Multicentric paragangliomas must be distinguished from true metastases. Most metastases are present at diagnosis or less than 5 years after initial presentation. However, some may be apparent 10 to 20 years after the diagnosis of the primary tumor.
|Pathology|| Macroscopic examination|
Carotid body paraganglioma usually measures between 2 and 6 cm in diameter. It appears firm, rubbery, well circumscribed and surrounded by a thin fibrous capsule. On cut surface, the appearance is heterogeneous with yellow, tan, pink, red or brown areas. Fibrosis and hemorrhage may be observed. The tumor may encase large blood vessels such as the external carotid. Jugulotympanic paraganglioma often appears as an irregular reddish mass. In jugular paraganglioma, the petrous temporal bone and the middle ear space may be replaced by tumor tissue as far as the tympanic membrane (Lack, 2007; Barnes et al., 2005). Vagal paraganglioma is oval or round and abuts directly onto the skull base. It usually ranges from 2 to 6 cm in diameter and is firm, well circumscribed and surrounded by a thin fibrous capsule. In a few instances, it may be poorly defined and locally infiltrative. It presents with a variegated appearance on cut surface or may be uniformly homogeneous. A portion of one or more large nerves, usually the vagus, is often attached (Lack, 2007; Barnes et al., 2005).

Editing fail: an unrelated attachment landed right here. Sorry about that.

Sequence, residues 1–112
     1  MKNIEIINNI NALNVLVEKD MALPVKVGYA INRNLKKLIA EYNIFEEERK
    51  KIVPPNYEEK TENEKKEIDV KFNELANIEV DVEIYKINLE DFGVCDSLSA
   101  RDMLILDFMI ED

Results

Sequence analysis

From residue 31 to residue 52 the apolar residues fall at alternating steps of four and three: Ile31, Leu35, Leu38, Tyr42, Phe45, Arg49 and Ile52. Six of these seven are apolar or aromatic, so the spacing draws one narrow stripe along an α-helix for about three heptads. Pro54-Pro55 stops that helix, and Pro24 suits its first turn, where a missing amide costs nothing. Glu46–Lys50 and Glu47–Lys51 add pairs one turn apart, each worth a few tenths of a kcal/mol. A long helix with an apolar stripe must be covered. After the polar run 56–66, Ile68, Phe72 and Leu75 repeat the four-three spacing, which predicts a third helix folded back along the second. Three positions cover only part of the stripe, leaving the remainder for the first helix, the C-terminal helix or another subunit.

On macroscopic examination, malignant paragangliomas do not significantly differ from benign paragangliomas (except for the occasional presence of lymph node metastases). Malignant paragangliomas typically present as firm, reddish lesions. A fibrous capsule may be seen, but in most instances, the tumor is locally infiltrative. On cut surface, a variegated appearance is noted with yellow-brown, tan-pink, and/or red (hemorrhagic) areas (Lack, 2007; Barnes et al., 2005).